Multinational defense programs in the West have become “a horror” for industry, and Airbus Group CEO Tom Enders said April 30 that he will not allow his company to repeat the experience of the beleaguered A400M in his tenure.
“I am determined, at least for my company, not to ever again walk into such a program, and rather to resist [that kind of] contracting and say, ‘no, we’re not going there,’” Enders said as part of a speech at the Atlantic Council in Washington. “That hardly ever works. Industry has a lot of egg on the face, we’re losing lots of money and that should not happen again.”
Enders also noted the tri-nation Medium-Extended Air Defense System, led by Lockheed Martin but including MBDA, of which Airbus has ownership. “The only system on the planet that can handle and shoot down missiles that come from completely different trajectories,” he said, “and the U.S. walks out of it.”
The German-born CEO, nonetheless, focused his criticism on his home continent. The European defense industry, for instance, is besieged by “too many national interests, too much overlap and certainly too much waste,” as well as the tendency for parochially driven demands on industrial involvement.
“These practices certainly do not result in what the Americans call a healthy industrial base,” Enders said. “By the way, I’ve never heard that in Europe, somebody speaking about a healthy industrial base, because that means an industry that should be allowed to make decent profits and should be incentivized to be in this field of business.” But that is a “rather difficult notion in Europe,” where defense is seen as a “dirty” business.
Above all, Enders said, fragmentation in government leadership stemming from the confederate organization of European nations hobbles the success of joint defense programs, despite the necessity for nations to team up to pursue them because of low defense spending levels. “I gather that these practices, ladies and gentlemen, have cost each the European taxpayer, but also industry in the last decade alone billions and billions of euros,” he told the trans-Atlantic think tank audience.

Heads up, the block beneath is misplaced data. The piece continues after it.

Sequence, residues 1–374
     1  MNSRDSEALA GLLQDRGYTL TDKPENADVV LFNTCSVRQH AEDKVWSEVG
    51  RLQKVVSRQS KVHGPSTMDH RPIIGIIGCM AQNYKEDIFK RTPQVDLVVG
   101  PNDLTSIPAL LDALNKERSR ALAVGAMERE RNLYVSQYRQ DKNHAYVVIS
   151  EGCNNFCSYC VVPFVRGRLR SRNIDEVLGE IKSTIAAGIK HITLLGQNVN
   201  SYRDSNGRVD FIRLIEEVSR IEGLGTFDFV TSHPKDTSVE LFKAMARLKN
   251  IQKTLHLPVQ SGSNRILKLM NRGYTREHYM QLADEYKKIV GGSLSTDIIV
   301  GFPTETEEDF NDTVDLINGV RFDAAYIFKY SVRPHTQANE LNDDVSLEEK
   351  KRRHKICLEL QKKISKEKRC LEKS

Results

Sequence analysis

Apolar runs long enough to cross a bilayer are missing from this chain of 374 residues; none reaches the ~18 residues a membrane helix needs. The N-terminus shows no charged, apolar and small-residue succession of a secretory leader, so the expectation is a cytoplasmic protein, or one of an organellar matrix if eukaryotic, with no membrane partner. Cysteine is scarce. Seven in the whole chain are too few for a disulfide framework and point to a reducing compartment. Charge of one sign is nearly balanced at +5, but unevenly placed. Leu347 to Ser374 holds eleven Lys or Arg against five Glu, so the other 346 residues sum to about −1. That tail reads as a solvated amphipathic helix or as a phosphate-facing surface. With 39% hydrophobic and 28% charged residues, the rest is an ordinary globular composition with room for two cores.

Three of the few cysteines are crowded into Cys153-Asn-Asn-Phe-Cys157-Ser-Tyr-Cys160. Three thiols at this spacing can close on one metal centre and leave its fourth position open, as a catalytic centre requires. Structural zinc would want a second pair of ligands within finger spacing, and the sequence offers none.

“In general, industry should have much more say in how we do the [multinational] project,” he concluded. “The requirements are defined by the military, but the authority for execution should be much more on the industrial side. So far all we have reached at best is sort of a half-half situation, and that almost always ends in disappointment.”
Still, cooperation is being attempted. Enders praised budding U.K. and French defense program agreements and moves by nine E.U countries and Norway to work toward aerial refueling tanker aircraft. Moreover, on the commercial side of aerospace, to which Airbus is 80% focused, there is great cooperation and reciprocity in government aircraft certification, for example.
But queried how far commercial ties could go internationally, and the Airbus chief was quick to quash an alliance with arch-rival Boeing. “We have not given any thought to a joint venture between Boeing and Airbus simply because it’s completely unrealistic,” he said. “I don’t think our customers would appreciate that to start with nor the regulatory authorities because over a large spectrum… we have a duopoly today.”
Likewise, in the defense sector, trans-Atlantic opportunities for Airbus start with the fact that the U.S. far and away is the world’s largest aerospace and defense marketplace. “I mean, we are here because this is simply a market too large to ignore,” Enders said in response to a question from Aviation Week. “The U.S. still sets the standards on the commercial side and certainly on the military and space side.” While not ruled out, mergers and acquisitions in America are not the company’s main focus. “We are building on the businesses that we have,” he said, pointing to military helicopters like the LUH-72 and airliner manufacturing.
“I’m very happy with the U.S. business we have,” Enders said. “And let’s not forget we’re building a huge footprint in commercial, in Alabama, and that is because the U.S. is the premier market in single-aisle aircraft, and from there we will see how we will proceed.”